There will very likely also be a role for the E-2D in the introduction of more drones to the carrier air wing. Earlier this month the Navy announced plans to modify the Advanced Hawkeye’s mission computer so it can also serve as a drone controller, as part of a manned-unmanned teaming experiment. That would allow off-ship command-and-control of the MQ-25, and potentially future drones, too.
Regarding the timeline on NGAD, and when it might actually yield new aircraft for the carrier air wing, tentative plans call for replacement of the Super Hornet and Growler beginning in the 2030s. That ambitious plan could also be another reason to favor a manned replacement for the F/A-18E/F since it represents less of a technological challenge compared to a multi-mission carrier-based fighter drone.
The aim of getting new platforms into service in the 2030s also puts a possible question mark over the status of the ongoing Super Hornet Block III and EA-18G Block II upgrade programs, which you can read more about here and here. The Super Hornet Block III upgrade, for example, which also includes a service life modification (SLM) effort, is projected to run through 2033.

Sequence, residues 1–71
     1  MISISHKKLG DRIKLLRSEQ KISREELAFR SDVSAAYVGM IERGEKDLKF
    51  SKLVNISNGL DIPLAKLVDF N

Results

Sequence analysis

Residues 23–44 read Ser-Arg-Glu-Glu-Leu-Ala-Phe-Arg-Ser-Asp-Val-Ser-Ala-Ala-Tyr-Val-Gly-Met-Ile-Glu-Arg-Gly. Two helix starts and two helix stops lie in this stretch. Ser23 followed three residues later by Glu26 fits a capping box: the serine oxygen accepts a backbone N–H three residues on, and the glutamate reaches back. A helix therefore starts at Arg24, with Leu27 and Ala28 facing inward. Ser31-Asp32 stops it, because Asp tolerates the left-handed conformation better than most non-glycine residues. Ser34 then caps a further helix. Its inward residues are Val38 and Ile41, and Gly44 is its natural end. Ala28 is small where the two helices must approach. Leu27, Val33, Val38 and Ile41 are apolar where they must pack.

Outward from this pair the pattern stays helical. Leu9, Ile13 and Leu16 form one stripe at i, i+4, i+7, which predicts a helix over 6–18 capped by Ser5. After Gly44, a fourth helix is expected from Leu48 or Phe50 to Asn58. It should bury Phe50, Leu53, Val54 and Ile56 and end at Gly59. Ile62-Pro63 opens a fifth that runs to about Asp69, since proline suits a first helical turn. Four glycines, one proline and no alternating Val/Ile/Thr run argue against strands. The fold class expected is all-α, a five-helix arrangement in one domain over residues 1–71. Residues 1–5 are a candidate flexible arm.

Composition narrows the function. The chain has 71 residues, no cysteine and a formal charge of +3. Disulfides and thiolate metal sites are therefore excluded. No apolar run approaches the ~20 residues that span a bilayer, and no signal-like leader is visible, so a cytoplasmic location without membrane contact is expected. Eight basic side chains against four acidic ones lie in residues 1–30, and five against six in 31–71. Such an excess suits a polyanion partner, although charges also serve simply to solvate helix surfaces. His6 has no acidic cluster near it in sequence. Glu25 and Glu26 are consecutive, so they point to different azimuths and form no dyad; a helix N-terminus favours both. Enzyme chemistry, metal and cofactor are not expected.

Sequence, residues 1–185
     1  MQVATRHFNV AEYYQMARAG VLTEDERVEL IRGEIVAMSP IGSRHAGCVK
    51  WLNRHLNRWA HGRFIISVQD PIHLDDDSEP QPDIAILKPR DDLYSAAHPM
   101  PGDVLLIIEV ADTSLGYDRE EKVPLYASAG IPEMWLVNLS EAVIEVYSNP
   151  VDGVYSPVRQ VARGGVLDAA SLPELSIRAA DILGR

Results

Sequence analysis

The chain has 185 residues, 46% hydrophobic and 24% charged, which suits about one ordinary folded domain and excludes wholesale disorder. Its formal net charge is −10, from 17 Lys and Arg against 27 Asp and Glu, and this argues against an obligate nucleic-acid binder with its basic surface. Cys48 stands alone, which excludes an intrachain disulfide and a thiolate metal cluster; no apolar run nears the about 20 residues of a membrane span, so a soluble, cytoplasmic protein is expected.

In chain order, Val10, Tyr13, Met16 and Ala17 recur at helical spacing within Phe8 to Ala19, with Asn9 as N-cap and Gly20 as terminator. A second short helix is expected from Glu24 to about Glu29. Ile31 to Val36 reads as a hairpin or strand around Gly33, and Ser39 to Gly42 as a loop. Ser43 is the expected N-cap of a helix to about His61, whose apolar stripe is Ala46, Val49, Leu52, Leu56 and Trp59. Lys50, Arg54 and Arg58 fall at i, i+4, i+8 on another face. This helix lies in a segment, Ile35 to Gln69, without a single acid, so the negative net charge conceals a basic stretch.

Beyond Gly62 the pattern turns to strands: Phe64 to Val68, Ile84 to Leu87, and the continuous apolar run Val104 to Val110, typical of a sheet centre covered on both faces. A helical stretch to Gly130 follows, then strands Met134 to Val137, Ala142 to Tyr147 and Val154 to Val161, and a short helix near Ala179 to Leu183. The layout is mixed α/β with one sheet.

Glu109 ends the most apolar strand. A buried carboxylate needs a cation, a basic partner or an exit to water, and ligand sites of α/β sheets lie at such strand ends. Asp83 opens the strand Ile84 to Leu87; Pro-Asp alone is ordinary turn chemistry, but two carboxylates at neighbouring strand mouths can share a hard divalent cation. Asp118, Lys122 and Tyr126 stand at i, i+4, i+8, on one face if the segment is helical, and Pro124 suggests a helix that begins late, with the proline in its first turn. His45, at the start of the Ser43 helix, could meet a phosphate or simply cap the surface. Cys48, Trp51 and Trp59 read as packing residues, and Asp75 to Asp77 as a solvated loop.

In particular, Harris pointed to air-to-air combat as being a difficult hurdle for unmanned aircraft to master. He also referred to the challenges of introducing combat drones into existing rules of engagement, target verification, and battlespace awareness.
Currently, according to USNI reports, the Navy NGAD program is in the “concept refinement phase,” with the service working with industry to study available and emerging technologies, including in the unmanned realm. While Harris has tipped a manned successor to the Super Hornet as the most likely route, a final decision on this can be expected in two or three years, he said.